Safa Mahzari is a consultant focused on turning business data into actionable insights. His work centers on enhancing communication, which includes email and meeting productivity.
If you are anything like me, you have a phone and a computer. You also have more than one email inbox (raise your hand if you are at three or more!) and feel tethered to your devices. No matter where I was, the buzz of my phone took my attention away from what was in front of me.
Recently, I took a step back to evaluate my decisions. Yes, being available is important. But, so is being present, focused, and calm. The biggest culprit in my life was email. As many do, I have a love-hate relationship with email.
This is the pursuit of how I steered that relationship towards less hate and more love.
Why get your email inbox to zero?
Getting your email inbox to zero is the holy grail. It’s marking all mail as read, replying to all the important people, and clearing out all irrelevant messages. For people who have thousands of unread messages, this can seem impossible. I am here to tell you it’s doable. Furthermore, there is a big difference between reaching zero and having an inbox with 10-15 unread items. The psychological benefit of knowing you have nothing pulling your attention is huge. It reduces your general anxiety. You know, that thing that makes you feel anxious all the time but for no specific reason. That is what we are looking to minimize.
How to get your email inbox to zero?
Getting your inbox under control is doable. It might seem daunting, but there are a fixed number of steps you can take to regain autonomy. Let’s dive right in.
1) Unsubscribe from mailing lists
First, unsubscribe from all of the clutter. Clutter is the advertisement for that thing you don’t even need. It’s the newsletter about that topic you’re interested in, but not passionate about.
Think of your email inbox as the front door to your house: Be selective of who has access and when they can knock on the door.
The quickest way to find all your mailing lists is to type “unsubscribe” into your email’s search feature. Legally mailing lists are required to have a link to unsubscribe, so we can using this term in our searches will return all mailing lists.
2) Mark old messages as read
Second, I would take all messages older than 1 month, mark them as read, then clear them out of your inbox. Yes, all at once. This might seem drastic but I have done it multiple times and not lost messages of value.
If you have an inbox managed by Google (either Gmail or through your work), you should look into using search operators. For example: “older_than:30d” will show you all emails older than 30 days. Check out Google’s page on Search Operators for more options.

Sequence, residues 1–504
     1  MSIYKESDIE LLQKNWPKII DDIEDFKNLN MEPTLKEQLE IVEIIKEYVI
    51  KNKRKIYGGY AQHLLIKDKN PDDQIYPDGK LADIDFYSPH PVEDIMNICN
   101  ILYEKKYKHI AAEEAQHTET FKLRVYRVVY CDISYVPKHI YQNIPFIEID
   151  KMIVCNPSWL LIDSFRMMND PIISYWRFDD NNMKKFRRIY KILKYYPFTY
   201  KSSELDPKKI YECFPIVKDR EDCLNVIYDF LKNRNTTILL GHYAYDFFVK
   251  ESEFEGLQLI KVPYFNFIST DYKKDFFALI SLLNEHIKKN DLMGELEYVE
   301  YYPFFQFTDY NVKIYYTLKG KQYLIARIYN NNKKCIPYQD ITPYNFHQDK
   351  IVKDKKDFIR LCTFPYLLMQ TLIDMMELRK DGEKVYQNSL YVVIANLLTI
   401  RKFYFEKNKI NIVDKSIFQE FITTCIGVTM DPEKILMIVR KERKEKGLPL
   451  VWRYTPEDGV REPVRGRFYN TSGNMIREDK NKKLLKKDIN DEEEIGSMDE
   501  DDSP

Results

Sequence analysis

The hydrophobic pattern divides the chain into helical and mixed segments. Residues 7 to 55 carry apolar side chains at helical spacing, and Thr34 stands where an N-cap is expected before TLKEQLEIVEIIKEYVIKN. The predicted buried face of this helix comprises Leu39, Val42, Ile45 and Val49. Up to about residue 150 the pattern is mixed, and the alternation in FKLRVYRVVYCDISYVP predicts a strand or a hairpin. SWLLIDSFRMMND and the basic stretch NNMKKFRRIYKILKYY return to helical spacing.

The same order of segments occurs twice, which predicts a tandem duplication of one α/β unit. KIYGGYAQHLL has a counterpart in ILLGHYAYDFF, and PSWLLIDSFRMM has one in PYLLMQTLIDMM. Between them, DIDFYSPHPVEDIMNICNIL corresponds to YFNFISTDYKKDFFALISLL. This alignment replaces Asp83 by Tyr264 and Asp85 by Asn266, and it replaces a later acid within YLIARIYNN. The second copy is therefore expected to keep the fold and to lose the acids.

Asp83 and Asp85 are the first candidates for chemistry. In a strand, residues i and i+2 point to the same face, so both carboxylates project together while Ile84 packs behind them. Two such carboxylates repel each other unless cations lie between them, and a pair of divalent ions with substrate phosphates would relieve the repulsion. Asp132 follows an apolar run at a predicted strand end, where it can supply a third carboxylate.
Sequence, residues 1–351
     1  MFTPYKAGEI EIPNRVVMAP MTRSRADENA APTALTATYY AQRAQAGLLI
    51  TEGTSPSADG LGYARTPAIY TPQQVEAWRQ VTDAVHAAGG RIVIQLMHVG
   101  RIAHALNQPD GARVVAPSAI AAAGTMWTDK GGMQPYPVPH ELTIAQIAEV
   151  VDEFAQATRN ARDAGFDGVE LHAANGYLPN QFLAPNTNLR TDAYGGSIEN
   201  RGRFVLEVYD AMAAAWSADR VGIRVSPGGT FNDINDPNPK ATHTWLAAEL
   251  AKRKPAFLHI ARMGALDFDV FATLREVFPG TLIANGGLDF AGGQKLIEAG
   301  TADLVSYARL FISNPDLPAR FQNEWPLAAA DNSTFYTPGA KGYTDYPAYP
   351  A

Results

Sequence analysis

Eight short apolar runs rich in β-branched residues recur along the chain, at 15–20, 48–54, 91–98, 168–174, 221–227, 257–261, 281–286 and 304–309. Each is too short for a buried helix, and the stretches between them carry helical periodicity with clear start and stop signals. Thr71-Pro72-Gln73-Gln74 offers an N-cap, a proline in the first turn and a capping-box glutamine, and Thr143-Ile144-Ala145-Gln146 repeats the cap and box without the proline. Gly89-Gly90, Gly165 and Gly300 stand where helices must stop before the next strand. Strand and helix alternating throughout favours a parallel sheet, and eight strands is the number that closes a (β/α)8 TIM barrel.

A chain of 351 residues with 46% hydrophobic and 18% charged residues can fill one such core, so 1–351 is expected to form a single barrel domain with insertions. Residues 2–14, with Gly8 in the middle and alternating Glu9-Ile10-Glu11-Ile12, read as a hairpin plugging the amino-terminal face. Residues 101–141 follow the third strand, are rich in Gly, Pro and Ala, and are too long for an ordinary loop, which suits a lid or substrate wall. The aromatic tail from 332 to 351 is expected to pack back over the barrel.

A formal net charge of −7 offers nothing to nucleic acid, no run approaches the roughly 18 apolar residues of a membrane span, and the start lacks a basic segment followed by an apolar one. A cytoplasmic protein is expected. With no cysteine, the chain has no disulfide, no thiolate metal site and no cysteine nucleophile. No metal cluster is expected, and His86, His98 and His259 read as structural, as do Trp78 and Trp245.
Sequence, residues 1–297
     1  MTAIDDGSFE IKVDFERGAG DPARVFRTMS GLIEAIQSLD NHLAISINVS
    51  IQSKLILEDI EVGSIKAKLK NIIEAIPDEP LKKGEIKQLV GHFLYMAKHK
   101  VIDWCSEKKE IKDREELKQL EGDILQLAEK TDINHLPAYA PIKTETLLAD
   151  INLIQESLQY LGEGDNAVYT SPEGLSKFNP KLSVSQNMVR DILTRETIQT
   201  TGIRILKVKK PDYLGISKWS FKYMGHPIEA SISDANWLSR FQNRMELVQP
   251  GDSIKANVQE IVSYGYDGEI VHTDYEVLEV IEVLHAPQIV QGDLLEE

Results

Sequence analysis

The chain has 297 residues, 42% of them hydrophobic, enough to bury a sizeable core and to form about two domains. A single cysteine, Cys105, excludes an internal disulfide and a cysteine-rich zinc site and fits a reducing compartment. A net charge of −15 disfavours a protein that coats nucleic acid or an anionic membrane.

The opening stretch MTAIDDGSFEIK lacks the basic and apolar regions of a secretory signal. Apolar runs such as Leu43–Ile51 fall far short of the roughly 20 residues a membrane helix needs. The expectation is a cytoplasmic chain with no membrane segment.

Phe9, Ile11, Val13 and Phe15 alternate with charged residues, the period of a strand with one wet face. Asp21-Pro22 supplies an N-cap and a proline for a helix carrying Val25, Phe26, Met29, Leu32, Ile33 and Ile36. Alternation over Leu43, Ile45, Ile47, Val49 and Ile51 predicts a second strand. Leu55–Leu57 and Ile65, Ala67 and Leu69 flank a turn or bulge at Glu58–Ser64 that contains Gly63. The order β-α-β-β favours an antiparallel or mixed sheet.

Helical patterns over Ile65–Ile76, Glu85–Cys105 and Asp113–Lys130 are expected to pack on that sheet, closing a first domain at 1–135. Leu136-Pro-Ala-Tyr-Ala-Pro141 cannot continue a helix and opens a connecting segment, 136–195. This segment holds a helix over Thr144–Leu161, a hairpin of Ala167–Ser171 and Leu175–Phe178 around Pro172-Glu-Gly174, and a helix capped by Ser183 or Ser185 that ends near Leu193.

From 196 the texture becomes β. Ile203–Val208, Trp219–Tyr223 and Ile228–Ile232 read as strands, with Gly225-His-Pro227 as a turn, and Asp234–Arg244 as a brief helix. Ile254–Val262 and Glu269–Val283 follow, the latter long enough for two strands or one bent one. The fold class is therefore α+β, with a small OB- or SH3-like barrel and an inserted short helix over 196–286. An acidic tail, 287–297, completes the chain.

3) Manually sort through the latest messages
The last step is to manually sort through your latest messages. If a message deserves a response, reply to it now. I am a big fan of taking care of what I can right now – as opposed to writing it down, trying to find time to take care of it later, and adding it to my plate.
You can also create filters to automatically sort messages. I have two main filters: one for personal finances and another for business newsletters. This information is always sorted and readily available without contributing to my inbox tally. (Again, with Google you can use filters to have items “skip your inbox” and not add to your count.)
Keeping your email inbox at zero
I am pretty unconventional when it comes to keeping my inbox at zero. I do not have the red badge icon and I do not receive email notifications of any kind on my phone.
Instead, I check my email once in the morning and once in the evening. For example, from 11:00am to 11:30am and again from 5:00pm to 5:30pm I have dedicated time to my email.
During this time I archive emails that are not relevant, forward messages to others (if I cannot answer) and write thoughtful responses (when I can answer them myself). By having this dedicated time, I do not have to stress about when I am replying or if I have time to do so.
Keeping your email inbox to zero can seem challenging, but it is incredibly valuable. It frees up my day to think, to work, and to be creative. And I hope it does the same for you.
On a related note, I leave my phone on Do Not Disturb from 9:00pm to 9:00am each day. But that’s another story for another day!
More on Safa and his work optimizing business can be found at alluxo.com